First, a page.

Seven keys to green growth in NZ: Pure Advantage’s new economic analysis

Last week business lobby group Pure Advantage launched [Herald, Stuff] a specially commissioned report, Green Growth: Opportunities for New Zealand, which presents, they say, “an exhaustive, objective economic argument for embracing green growth”. The report was produced by a London-based economics consultancy in conjunction with the University of Auckland Business School, and is the culmination of two years work to identify the most effective ways of implementing green growth business strategies in NZ.

Launching the report, Pure Advantage (PA) chairman Rob Morrison said:

We firmly believe on the basis of this significant macroeconomic report that New Zealand has the potential to generate billions of dollars in new high-value economic growth, whilst at the same time improving New Zealand’s environmental performance.

Morrison said that PA intends to use the report as “a basis to establish, in consultation with industry, seven industry-specific green growth programmes”. The seven key ‘advantages’ are (links go to PA web explanations):

  1. Home Advantage: Retrofitting an efficient building environment;
  2. Geothermal Advantage: Creating a significant geothermal export industry
  3. Agricultural Advantage:
    Investing in sustainable and efficient agricultural technologies
  4. Waste-to-Energy Advantage: Installing bio-energy and waste-to-energy infrastructure
  5. Biofuel Advantage: Establishing a woody mass biofuel and bio-products industry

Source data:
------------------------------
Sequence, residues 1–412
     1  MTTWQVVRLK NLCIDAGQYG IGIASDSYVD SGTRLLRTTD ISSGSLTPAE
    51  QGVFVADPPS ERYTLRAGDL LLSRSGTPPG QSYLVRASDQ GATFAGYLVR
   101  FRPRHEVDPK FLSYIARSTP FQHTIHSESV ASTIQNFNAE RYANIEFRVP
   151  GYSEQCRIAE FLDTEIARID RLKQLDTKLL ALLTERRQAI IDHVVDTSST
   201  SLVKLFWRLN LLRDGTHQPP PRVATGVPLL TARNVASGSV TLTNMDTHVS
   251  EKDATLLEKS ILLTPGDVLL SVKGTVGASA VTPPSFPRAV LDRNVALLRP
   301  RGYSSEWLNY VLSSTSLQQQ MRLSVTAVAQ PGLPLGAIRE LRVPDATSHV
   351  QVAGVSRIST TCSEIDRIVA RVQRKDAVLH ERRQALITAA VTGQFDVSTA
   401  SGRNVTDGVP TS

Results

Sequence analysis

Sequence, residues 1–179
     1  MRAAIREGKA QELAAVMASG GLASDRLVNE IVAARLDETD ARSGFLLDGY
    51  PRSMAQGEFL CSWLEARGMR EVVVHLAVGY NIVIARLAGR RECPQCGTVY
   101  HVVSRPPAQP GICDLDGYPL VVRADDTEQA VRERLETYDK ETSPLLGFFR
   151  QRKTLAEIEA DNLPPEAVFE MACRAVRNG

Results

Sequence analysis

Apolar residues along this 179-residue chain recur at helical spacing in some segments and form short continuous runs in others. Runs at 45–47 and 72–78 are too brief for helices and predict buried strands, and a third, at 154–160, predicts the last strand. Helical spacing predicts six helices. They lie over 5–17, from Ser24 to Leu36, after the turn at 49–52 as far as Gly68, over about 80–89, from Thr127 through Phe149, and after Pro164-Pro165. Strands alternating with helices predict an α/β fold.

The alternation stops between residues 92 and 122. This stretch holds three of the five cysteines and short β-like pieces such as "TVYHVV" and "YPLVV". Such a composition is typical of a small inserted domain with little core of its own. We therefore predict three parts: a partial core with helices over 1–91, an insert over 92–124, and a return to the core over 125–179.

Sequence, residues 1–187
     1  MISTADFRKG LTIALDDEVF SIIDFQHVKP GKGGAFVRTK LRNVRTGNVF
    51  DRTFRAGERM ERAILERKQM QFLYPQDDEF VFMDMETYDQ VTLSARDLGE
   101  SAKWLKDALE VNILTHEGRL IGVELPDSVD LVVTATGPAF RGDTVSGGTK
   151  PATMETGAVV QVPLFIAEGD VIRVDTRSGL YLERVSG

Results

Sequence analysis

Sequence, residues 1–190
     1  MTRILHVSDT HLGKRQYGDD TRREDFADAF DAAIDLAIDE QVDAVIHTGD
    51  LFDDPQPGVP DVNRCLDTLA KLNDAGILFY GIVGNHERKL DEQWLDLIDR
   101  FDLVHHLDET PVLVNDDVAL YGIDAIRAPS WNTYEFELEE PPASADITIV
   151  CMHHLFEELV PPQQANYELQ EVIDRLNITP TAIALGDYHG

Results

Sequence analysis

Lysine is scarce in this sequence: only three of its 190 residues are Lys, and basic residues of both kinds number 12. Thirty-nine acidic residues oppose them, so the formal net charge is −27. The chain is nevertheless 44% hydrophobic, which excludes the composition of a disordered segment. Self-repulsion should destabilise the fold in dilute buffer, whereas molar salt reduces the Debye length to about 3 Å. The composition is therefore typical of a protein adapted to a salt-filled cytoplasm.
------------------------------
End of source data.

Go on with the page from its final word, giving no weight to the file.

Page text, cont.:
6. Smart Grid Advantage: Installing the building blocks of a smart grid
  7. Biodiversity Advantage: Establishing a world-class biodiversity driven ecotourism and conservation education programme.

PA note that the report was “not driven by environmental idealism or fear of climate change”, yet the recommendations look a lot like the sort of joined up thinking on environment and emissions policy that has been so lacking from the present government. By making the business case for green growth, perhaps PA can start a bottom-up change of economic direction that will do for NZ what the government will not. It’s certainly a worthwhile effort, but while there are other lobby groups out there promoting rampant population growth as the way to stop economic decline, it will continue to be an uphill struggle.

Rebutting myths and misconceptions about wind energy

I’ve been listening to a lively keynote address given to the NZ Wind Energy Conference earlier this month. The speaker was Lawrence Jones from Alstom Grid. He’s an expert on integrating variable renewable energy sources into global power grids. It was a heartening talk for anyone concerned to see renewable energy, wind in particular in this case, advance rapidly to take the primary position it must do if we are to have any hope of staving off the worst effects of global warming. All the more heartening because it was based on a major research project conducted by Alstom Grid on behalf of the US Department of Energy exploring the challenges and best practices for grid integration in many countries of the world.

I’ll offer a brief overview of the talk here, but I recommend it as worth listening to in full. There’s an audio of it on the Wind Energy Association website, and the accompanying slides are on this pdf file. Continue reading “Rebutting myths and misconceptions about wind energy”

Obama’s new pathways for power

Barack Obama is matching his words with action. Four days after his MIT speech on renewable energy he has announced, under the Recovery Act,  $3.4 billion in grants to improve the US electricity grid. The grants go to 100 partners with plans to install smart grid technologies in their area. The government money will be matched by industry funding for a total public-private investment worth over $8 billion.

The announcement was made in a speech at Arcadia, Florida, where he was visiting a solar energy centre to open a large-scale solar power plant. In a vigorous statement he explained why the improvement is necessary and what it will accomplish. Continue reading “Obama’s new pathways for power”